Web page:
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Eugenics as a Creed and the Last Decade of Galton's Life 253

Galton gives an account of the Sandow competition in which the three best specimens were selected out of some eighty of Sandow's pupils. Galton was present when the trio was selected and thus states his impressions

"I did not think these best specimens of the British race to be ideally well-made men. They did not bear comparison with Greek statues of Hercules and of other athletes, being somewhat ill-proportioned and too heavily built. I must say that I was disappointed with

them from the aesthetic point of view, though in respect to muscular power they seemed prodigies. Sandow afterwards exhibited himself in a pose that brought out his chest and arms to full advantage, and in that statuesque position I placed him as far superior to all the competitors."

What Galton says about British physique and about the physical beauty of our trunk and limbs is probably very true. We have recently seen the foreigner our equal or even our superior at most of our national sports ; he only needed the proper training to defeat us. Nor is the somewhat low standard of physical beauty confined to trunk and limbs-anyone who makes an extensive study of the English skull must be forced to the conclusion that aesthetically at least it is not of a high type. The stock-breeder "looking over the hedge" must conclude that these are not directions in which much can easily be achieved. Yet he would affirm emphatically and

"with justice that the whole of a race which was able to furnish the large supply which is produced in Great Britain of men who are sound in body, capable in mind, energetic and of high character, has the capacity (speaking as a rearer of stock) of being raised to at least the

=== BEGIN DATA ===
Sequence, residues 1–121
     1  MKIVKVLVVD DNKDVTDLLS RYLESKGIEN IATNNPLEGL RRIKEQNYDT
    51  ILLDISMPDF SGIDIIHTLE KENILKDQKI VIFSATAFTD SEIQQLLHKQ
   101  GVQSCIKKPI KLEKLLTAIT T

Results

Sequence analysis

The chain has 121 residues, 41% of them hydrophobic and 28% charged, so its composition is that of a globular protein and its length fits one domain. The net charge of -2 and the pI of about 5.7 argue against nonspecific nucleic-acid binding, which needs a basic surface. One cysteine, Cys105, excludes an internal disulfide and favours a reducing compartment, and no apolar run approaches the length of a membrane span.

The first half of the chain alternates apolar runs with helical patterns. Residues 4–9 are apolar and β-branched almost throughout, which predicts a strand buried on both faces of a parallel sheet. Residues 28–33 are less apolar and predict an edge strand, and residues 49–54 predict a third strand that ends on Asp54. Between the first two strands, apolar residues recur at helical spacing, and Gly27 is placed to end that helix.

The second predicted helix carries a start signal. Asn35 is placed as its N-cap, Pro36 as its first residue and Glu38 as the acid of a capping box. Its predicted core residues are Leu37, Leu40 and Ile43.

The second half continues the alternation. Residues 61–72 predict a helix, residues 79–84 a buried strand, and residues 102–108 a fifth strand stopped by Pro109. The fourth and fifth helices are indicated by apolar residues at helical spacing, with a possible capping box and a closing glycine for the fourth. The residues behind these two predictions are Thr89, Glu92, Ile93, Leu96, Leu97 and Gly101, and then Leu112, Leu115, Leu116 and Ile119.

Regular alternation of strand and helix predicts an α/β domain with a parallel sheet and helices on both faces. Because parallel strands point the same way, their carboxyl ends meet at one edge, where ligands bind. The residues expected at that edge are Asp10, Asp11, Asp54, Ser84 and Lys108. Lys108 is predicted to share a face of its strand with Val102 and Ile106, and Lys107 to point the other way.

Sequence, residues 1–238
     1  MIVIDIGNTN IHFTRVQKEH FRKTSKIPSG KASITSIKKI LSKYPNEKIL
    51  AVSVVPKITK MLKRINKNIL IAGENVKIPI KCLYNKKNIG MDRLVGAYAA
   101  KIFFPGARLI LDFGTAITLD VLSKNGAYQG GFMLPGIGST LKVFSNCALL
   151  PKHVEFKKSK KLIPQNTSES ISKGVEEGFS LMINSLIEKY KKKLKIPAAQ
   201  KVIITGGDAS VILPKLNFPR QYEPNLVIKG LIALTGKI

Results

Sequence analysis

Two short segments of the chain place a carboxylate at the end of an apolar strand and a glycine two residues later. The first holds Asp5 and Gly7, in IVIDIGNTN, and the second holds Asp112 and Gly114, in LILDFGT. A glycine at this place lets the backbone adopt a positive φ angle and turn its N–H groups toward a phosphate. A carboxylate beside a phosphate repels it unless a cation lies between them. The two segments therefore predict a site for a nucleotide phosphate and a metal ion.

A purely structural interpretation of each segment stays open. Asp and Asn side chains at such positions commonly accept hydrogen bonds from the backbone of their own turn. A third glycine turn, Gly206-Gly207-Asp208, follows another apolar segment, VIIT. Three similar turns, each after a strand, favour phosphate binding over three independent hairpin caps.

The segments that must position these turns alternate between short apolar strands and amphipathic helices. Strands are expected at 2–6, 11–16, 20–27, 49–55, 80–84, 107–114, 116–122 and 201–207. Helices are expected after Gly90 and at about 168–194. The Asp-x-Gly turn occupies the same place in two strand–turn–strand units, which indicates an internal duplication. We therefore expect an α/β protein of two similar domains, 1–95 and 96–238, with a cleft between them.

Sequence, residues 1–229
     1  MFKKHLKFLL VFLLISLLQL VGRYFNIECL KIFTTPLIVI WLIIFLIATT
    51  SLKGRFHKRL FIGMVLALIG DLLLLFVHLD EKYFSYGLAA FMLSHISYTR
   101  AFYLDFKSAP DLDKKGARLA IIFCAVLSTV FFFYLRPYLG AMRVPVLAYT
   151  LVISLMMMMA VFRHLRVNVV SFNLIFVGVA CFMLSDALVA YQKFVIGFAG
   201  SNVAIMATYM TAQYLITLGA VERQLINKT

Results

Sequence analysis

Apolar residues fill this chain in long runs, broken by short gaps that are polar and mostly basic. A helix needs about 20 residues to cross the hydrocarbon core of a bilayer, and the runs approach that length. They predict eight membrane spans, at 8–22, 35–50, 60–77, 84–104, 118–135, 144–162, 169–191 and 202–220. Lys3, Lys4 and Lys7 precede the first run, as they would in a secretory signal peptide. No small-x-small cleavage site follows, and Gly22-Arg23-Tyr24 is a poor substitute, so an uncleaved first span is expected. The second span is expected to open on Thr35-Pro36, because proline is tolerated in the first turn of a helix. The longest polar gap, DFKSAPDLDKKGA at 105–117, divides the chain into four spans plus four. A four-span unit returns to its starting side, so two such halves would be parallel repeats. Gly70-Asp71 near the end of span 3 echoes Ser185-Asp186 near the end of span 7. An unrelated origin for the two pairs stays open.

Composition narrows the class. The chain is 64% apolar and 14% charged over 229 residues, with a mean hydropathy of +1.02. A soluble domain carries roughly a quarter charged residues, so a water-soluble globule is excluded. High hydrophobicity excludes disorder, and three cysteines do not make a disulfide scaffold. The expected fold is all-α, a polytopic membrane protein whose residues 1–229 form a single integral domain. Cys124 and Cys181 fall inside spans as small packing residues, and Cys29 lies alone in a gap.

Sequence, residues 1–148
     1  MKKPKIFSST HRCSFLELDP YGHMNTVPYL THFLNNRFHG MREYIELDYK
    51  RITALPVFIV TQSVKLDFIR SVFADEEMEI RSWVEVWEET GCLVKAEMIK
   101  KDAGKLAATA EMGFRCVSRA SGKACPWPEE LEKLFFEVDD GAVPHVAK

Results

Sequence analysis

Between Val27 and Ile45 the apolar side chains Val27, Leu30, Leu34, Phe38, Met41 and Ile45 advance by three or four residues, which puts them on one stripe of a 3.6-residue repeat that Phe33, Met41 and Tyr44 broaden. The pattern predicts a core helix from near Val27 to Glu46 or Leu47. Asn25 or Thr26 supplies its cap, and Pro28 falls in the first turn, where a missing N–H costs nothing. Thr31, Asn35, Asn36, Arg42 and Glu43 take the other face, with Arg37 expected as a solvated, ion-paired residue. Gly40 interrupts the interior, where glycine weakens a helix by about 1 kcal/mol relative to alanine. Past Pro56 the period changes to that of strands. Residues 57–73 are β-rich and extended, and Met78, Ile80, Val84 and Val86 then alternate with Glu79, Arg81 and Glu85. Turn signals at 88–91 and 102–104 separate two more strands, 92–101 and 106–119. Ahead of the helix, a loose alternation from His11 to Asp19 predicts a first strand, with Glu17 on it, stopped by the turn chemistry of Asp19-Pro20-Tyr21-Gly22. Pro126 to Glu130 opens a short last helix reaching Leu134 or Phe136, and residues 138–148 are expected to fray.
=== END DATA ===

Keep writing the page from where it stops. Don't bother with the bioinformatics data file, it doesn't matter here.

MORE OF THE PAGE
same high level."

This, Galton believes, could be attained by making use of both Nature and Nurture. Of the former Galton holds that if a strong and intelligent public opinion can ever be roused in favour of improving our racial breed, then there are a number of small influences which even now operate under existing sentiment and law and which are capable by co-operation and development of producing great results. He admits, however, that we have yet much to learn that lies well within the province of anthropology, before it would be justifiable to attempt a crusade; otherwise grave mistakes will be made and the movement will be discredited.

"My attitude, which has usually: been misrepresented, is to urge serious inquiry into specific matters which still require investigation in the well-justified hope that a material improvement in our British breed is not so Utopian an object as it may seem, but is quite feasible under the

conditions just named. But whatever agencies may be brought to bear on the improvement of the British stock, whether it be in its Nature or in its Nurture, they will be costly, and it cannot be too strongly hammered into popular recognition that a well-developed human being, capable in body and mind, is an expensive animal to rear."

It will be seen that here as elsewhere Galton places the acquirement of eugenic knowledge before eugenic action-Eugenics Research Laboratories must be developed before Eugenics can be safely preached as a popular creed. He illustrates this by propounding a problem concerning nurture : If a dole be available to help in the rearing of a child, at what period will assistance be most effective? Is it when it is growing most rapidly and most needs good feeding, or may irremediable mischief be done by withholding it until that

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